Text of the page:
The Excel Skinny

A blog about Excel and its users

Excel 2016 attempts to bridge the gap between Excel for Windows and Mac.

As many of you may have noticed, the vast majority of the shortcuts mirror each other on both operating systems. With this gap shortened a bit, here are a few tips that will make your life easier in Excel for Mac 2016. 

Formula Builder:

Formula Builder received a nice upgrade.  Instead of remember syntax, now you can simple click Shift + F3 to pop open the Formula Builder side bar.  This pop up will help you find the exact formula you'd like to insert, as well as walk you through the syntax step by step.  


Full Shortcut List:

As mentioned above, Windows and Mac key assignments are now quite similar.  Shortcuts like Ctrl+O for Open, Ctrl+F for Find and Ctrl+C for Copy now also work in the Mac version—no need to remember to press Cmd instead of Ctrl. If you want to clear the content of the selected cell or range, just press the delete key. This even works on your Mac laptops, where delete is actually the backspace key. Some popular shortcut keys are listed below; a complete list can be found here.

Touchbar Support:

The new Touchbar is now supported in Office for Mac 2016!  

Typing an equals sign into a cell in Excel immediately pulls up the most recently used functions in the Touch Bar. For example, with a tap (for the formula) and another tap (for a named range) in the Touch Bar, you can quickly sum a range in your spreadsheet. The Touch Bar also provides quick access to borders, cell colors and recommended charts—making it easier than ever to organize and visualize your data.


As always, please let us know if you have any questions! 


How do you compare data in Microsoft Excel? Logical Formulas!

Excel uses logical operations to ease the pain in comparing data. These formulas will return what we tell them to, based on specific criteria.

We will teach you how to run less than, greater than, and equal to formulas below.
For the first formula, we will focus on the “Greater Than” formula. This is used when you want to isolate cells that contain values greater than the parameters in your formula.
For the example below, I have a series of numbers between 1 and 10. All I want to know is if the number is greater than, or less than 2.

As shown above, my formula is: =IF(B1>2,"Greater","Less") for the first cell. This is telling Excel, if the data in B1 is greater than 2, input the word “Greater”. If it is less than 2, input “Less”.  I then pulled this formula down by the square in the lower right hand side of the D1 cell to fit my list.  

This is a very simple way to use the =IF logical formulas, but they can become extremely complex if needed.


As always, please let the Excel Skin team know if you have any questions!


Microsoft Excel provides the perfect platform for an on-demand pricing calculator.  Instead of fumbling with your calculator while you're on the phone with a prospect, I will show you how to create a pricing chart that automatically adjusts all possible options based on just a few cells.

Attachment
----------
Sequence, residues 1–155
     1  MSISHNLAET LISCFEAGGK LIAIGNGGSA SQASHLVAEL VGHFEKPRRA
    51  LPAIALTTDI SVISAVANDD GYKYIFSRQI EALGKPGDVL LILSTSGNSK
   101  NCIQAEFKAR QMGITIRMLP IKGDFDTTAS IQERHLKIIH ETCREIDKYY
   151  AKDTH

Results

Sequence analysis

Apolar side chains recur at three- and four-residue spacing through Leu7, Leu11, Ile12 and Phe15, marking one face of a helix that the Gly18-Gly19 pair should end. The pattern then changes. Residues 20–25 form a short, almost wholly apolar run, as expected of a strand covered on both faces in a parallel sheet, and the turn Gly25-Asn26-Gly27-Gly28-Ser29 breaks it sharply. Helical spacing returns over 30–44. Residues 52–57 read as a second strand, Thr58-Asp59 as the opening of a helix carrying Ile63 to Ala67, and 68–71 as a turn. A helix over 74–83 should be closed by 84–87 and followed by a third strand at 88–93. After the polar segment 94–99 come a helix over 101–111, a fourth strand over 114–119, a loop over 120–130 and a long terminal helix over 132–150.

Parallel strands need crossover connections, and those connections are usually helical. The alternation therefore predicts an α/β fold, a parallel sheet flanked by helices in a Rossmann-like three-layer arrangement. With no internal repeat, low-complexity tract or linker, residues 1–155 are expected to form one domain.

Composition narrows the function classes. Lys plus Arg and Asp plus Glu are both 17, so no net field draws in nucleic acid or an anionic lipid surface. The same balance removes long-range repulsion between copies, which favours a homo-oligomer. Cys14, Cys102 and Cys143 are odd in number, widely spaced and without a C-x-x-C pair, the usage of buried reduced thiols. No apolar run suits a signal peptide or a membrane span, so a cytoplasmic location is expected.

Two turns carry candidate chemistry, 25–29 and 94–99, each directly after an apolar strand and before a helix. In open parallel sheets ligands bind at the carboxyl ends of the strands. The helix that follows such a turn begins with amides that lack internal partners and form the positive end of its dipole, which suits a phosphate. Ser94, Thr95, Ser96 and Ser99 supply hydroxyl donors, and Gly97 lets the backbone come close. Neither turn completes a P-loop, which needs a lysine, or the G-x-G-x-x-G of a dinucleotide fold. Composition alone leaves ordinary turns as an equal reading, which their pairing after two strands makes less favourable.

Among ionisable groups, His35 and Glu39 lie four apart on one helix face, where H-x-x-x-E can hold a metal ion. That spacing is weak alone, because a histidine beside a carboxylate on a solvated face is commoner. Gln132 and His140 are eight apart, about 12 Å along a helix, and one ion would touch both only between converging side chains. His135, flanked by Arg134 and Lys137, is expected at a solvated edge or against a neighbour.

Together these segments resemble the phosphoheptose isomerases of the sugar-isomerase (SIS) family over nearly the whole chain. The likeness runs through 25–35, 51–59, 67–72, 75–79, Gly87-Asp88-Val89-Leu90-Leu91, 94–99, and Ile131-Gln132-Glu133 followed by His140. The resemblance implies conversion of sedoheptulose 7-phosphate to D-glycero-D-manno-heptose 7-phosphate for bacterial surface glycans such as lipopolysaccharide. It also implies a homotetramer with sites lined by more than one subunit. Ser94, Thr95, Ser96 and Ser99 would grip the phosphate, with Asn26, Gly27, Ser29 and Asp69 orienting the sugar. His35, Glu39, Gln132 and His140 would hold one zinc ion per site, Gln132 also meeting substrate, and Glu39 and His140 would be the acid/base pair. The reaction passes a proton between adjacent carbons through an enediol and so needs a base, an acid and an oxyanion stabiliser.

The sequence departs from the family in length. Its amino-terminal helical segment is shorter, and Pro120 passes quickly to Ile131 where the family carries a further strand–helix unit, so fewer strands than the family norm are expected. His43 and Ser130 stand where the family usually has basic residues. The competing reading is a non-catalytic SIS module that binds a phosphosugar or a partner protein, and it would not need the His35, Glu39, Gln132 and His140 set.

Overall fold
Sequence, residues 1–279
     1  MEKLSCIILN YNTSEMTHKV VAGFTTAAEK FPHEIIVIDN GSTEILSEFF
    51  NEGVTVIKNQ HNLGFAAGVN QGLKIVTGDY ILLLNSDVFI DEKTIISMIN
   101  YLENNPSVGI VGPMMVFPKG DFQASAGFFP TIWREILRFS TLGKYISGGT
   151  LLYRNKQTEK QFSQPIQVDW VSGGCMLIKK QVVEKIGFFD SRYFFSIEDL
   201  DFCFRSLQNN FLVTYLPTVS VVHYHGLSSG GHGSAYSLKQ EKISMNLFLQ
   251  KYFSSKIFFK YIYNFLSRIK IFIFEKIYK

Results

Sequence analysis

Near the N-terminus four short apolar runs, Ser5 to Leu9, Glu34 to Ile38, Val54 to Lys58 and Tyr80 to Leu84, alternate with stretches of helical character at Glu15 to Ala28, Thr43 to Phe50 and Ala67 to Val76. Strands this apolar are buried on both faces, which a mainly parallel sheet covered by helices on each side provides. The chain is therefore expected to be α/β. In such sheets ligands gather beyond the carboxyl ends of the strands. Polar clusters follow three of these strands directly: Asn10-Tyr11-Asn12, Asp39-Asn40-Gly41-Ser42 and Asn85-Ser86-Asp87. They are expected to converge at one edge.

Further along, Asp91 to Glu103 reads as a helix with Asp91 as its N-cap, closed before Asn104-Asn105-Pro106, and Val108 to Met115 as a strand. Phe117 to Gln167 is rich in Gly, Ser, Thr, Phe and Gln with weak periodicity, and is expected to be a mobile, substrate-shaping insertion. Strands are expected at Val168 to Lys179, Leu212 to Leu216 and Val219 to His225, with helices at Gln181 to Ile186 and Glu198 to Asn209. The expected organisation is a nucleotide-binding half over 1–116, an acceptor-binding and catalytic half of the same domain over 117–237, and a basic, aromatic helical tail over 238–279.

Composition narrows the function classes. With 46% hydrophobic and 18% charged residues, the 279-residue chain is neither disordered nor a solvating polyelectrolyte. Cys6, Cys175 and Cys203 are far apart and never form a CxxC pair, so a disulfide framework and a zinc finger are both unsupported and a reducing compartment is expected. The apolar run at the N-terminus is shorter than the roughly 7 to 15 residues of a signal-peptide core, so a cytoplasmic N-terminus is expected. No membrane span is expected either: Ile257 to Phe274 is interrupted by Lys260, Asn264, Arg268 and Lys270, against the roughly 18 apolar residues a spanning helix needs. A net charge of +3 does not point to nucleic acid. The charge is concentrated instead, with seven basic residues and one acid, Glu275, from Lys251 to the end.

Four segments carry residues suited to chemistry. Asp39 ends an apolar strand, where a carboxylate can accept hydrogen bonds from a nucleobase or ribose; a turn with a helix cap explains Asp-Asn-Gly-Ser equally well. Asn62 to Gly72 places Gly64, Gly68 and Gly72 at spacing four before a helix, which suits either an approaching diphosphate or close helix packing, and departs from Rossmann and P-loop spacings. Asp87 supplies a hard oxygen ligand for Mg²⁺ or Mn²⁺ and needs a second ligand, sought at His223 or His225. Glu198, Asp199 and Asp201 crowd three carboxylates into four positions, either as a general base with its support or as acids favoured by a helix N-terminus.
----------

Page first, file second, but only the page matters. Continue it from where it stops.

In this example I will assume we are charging on a per-seat basis, similar to most SaaS companies.

List price will be $50/core seat, and $25/ lite seat, but I am willing to discount up to 20% off.  I will setup my spreadsheet so that all I have to do is adjust the number of seats, and the rest will be calculated for me. 

Here is my simple price calculator.  The only thing I have to change on each of my calls is the seat number, and the Totals per Month will automatically re-calculate.

Now, lets reveal the formulas in each cell.


The Standard pricing formula is straight forward.  All it is doing is multiple the number of Core Seats by $50, the number of Lite Seats by $25, and adding the two numbers together.

The discounted pricing formulas do the same thing, but they first calculate the discount and then subtract that from the Standard Pricing row.  

There are a few different ways to accomplish this calculation so feel free to play with the formulas as needed.  

And there you have it! A complete pricing calculator that only needs you to change the seat numbers to update completely.  You can set this up for unlimited possibilities in discounts or upsells to save you time and money in the future.

As always, let us know if you have any questions!  


1) Select All with a click

Instead of executing the Select All shortcut, there is a simple button built into every spreadsheet that will select all data in that spreadsheet.


2) Using the Formula Builder

We can’t always remember every formula in Excel, which is why we have the Formula Builder! With the Formula Builder you can search for specific formulas by name, insert the function, add your data, and receive any assistance through the Formula Builder. Open the Formula Builder by clicking the fx Insert button in the Formulas tab, or by executing the Formula Builder shortcut.

You will be able to search categorically when clicking the button in the Formulas tab.  

3) Remove Duplicates

Excel is one of the best programs for removing duplicate values. All you must do is copy your data into an Excel spreadsheet, and click on the Remove Duplicates button. I found this especially useful when I found out I had duplicate .jpg files taking up space on my computer, Excel identified and helped me remove those files with a click.

How do we do it? Select the data you’d like to analyze, then click the Remove Duplicates button in the Data tab.

A dialog box will appear telling you how many duplicates were found. Click Remove Duplicates in the bottom right to erase these duplicates from the spreadsheet.